Government Debt Not Hurting Residential Mortgage Rates

July 14th, 2010

Despite the official United States debt now topping $13 trillion, new debt issued by the Treasury Department is being highly sought after by investors. This is helping counter fears of debt market over-saturation with US debt, and is pushing interest rates lower as domestic and foreign investors keep buying long-term US debt. While there may be longer-term ramifications to US debt levels, for now the net effect has been consistently very low rates for American consumers.

Use a free mortgage calculator to plan your summer home purchase or mortgage refinance, and take advantage of continued low rates.

US Treasury Auctions

On July 14, 2010, the US Treasury auctioned $13 billion of 30-year bonds, meeting positive reactions, and beneficial rates, from investors. Finishing a relatively light week in federal borrowing, the sale completed a recent cumulative $64 billion in notes and bonds from the Treasury to finance US federal spending. Earlier in the week, the Treasury sold 10- and 3-year notes to investors.

Since early April 2010, when several European countries experienced government debt crises and put tremendous strain on the European banking system, investors have been snapping up US Treasury debt in the form of T-bills, notes and bonds. In spite of growing international skepticism at times, US government debt is apparently currently seen as one of the safest investments in the world–and when investors and foreign nations become nervous about the markets right now, they seem to ‘buy American.’

As long as US debt is valued so highly, you can likely continue to assume that historically low mortgages rates will persist for use with your free mortgage refinance calculator.

Flight To Quality

When investors get nervous, they undergo what is known in finance-speak as a “flight to quality.” Like a race to high ground during a flood, in a financial crisis, investors want a safe place to park their assets. Longer-term debt instruments such as bonds are often considered safe in this respect. As more investors buy bonds, the prices are bid up, and as the prices increase, the yields, or interest rates paid on that debt, go down.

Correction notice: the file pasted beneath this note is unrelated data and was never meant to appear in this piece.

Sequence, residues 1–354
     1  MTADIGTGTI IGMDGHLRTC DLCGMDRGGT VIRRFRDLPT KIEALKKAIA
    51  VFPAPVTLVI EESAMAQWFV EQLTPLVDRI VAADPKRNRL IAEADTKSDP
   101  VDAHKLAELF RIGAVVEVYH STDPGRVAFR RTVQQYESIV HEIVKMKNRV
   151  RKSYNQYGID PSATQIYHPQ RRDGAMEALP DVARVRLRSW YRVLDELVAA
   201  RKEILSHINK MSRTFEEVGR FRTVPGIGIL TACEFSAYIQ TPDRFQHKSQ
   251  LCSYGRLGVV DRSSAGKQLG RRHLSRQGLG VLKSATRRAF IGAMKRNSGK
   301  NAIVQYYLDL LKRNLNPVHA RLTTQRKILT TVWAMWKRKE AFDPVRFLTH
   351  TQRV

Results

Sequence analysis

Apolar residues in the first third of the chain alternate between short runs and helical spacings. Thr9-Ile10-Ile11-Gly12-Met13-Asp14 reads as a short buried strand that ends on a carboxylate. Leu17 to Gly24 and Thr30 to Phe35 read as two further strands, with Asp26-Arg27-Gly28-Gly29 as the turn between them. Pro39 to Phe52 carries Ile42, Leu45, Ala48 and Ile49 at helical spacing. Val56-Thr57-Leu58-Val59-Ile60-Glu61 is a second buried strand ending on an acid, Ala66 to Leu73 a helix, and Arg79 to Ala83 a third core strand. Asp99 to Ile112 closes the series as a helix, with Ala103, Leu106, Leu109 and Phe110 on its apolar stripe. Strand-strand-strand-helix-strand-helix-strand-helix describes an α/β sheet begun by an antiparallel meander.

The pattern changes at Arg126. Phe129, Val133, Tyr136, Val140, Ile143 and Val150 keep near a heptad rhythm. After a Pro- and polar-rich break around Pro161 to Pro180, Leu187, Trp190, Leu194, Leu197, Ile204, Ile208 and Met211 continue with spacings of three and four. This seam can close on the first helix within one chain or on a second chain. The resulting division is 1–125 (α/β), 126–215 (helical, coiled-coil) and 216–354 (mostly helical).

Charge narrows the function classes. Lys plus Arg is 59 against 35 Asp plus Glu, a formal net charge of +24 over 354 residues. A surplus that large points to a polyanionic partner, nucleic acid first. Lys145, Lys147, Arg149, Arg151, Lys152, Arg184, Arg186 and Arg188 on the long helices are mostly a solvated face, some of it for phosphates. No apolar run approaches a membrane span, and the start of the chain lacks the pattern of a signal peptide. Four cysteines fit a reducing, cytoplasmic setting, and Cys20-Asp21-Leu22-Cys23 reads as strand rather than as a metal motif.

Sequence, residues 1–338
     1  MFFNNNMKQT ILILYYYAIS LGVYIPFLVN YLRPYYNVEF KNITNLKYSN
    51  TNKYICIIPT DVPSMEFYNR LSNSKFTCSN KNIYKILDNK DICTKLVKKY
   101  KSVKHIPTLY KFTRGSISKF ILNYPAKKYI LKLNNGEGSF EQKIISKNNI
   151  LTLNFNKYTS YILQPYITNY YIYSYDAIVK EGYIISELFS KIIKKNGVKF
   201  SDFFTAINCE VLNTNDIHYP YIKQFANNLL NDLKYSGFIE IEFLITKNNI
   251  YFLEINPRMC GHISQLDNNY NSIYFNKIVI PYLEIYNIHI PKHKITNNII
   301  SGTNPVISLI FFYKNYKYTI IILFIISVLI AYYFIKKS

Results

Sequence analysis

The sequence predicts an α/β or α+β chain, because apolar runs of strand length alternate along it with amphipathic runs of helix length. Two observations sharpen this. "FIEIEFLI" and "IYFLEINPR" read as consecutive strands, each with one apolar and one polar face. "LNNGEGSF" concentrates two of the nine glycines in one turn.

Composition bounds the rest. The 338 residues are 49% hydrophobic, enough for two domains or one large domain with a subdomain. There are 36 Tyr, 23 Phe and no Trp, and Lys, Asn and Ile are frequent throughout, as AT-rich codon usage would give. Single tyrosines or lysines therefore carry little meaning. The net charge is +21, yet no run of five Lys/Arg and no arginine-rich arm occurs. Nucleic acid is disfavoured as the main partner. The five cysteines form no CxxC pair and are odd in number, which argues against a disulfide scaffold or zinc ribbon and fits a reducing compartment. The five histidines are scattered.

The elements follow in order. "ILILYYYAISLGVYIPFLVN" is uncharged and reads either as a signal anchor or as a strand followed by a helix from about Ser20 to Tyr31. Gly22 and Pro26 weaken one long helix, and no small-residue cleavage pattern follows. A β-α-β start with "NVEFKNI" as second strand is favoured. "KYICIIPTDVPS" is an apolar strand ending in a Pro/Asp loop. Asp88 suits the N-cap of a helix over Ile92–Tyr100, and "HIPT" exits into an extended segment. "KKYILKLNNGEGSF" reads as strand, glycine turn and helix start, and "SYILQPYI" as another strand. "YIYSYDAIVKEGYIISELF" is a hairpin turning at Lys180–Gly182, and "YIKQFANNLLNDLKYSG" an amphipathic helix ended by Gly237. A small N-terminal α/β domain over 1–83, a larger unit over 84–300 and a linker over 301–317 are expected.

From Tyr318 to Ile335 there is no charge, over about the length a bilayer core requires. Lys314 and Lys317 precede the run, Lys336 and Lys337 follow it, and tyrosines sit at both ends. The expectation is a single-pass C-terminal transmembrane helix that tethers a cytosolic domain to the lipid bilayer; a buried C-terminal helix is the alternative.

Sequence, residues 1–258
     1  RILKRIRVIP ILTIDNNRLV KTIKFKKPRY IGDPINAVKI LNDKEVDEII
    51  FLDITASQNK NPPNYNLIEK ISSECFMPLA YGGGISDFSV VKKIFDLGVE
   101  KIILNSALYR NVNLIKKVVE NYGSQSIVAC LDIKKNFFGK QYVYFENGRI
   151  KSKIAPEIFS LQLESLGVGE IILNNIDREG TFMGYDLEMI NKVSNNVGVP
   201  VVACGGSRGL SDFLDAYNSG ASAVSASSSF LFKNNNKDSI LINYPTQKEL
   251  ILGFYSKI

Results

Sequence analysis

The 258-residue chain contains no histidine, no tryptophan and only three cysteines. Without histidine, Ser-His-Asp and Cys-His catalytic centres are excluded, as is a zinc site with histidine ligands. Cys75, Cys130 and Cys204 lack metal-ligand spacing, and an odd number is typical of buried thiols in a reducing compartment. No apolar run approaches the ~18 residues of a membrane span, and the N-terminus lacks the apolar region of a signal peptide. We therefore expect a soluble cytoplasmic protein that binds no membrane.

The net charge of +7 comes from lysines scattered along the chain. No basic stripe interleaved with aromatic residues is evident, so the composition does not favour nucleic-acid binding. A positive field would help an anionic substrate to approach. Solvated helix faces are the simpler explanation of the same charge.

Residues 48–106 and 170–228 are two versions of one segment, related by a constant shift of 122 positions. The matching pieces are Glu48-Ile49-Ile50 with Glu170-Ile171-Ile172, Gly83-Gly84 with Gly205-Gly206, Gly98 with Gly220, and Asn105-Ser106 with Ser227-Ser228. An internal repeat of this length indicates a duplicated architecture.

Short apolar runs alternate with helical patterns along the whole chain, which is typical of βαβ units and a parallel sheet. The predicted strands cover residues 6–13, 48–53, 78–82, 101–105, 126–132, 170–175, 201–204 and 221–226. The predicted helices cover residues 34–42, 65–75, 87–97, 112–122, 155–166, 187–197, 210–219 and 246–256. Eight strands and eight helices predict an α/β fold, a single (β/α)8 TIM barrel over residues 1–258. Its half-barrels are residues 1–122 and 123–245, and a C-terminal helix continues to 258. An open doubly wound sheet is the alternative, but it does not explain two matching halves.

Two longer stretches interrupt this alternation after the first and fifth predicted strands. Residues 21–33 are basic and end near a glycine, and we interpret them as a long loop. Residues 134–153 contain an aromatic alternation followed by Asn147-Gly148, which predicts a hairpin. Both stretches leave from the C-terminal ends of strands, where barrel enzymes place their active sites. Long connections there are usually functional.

The flight to quality pattern is partly why interest rates often drop when the stock market drops. Picture two kids on a teeter-totter: One is named Price, and the other is named Rate; as Price drops, Rate climbs, and as Prices rises, Rate drops. In the economy, this is because investors pull money out of stocks to purchase bonds, driving stock prices lower, then as more money flows into bonds, bond prices are bid up and interest rates decline. Eventually, as confidence in stocks returns, investors will sell bonds to purchase stocks, causing bond sales and prices to decline, and bond rates and stock market prices to rise once again.

If you are considering locking in a low mortgage rate and feel the stock market should be rising for awhile, chances are you should execute the rate lock in order to avoid the eventual rate increase.

But What Does US Debt Have To Do With My Mortgage?

Individual mortgages are grouped together as mortgage-backed securities (MBS), then bought and sold between lenders and investors on the so-called ’secondary market.’ Your mortgage is most likely a 30-year mortgage, and is most likely currently owned by one of the government-sponsored enterprises (GSEs) extant to help provide domestic mortgage market liquidity (i.e., Fannie Mae, Freddie Mac, or Ginnie Mae).

When your mortgage is sold by your lender and bundled for sale as an MBS to one of the GSEs or another investor, it becomes an investment instrument, essentially promising your future mortgage payments in return for upfront funding of your mortgage. Once bundled and for sale on the open market, these MBSs compete with 30-year or 10-year long-term U.S. Treasury bonds, as well as other long-term debt instruments such as corporate or municipal bonds, for investor cash. Because US government-backed bonds are usually considered lower risk, the MBSs and other bonds must be priced higher to compensate investors accordingly. Still, prices and yields on long-term bonds generally move in tandem due to their mutual competition, so when sales of US debt go well, so do sales of Fannie and Freddie MBSs.

So, despite the abundance of US long-term debt being being sold by the US Treasury Department, and competition with GSE MBSs, the domestic and international economies are such that a “flight to quality” has helped keep mortgage interest rates low.

Economic News

Every Friday on this site, economic news and data is posted to inform you about the direction of the economy and mortgage rates. If economic news is neutral or negative, it generally encourages investors to replace stocks with bonds for three reasons:

A free mortgage calculator can help you define a specific payment, forecast savings from refinancing, or interpret other mortgage criteria, but cannot predict your mortgage rate. Regularly referencing this column about news in the economy can help you determine where mortgage rates are likely headed, to help you better plan your mortgage application and closing process.

Posted By :
Dennis C. Smith is co-owner and broker of record for Stratis Financial in southern California. He has over twenty years' experience in the mortgage industry.

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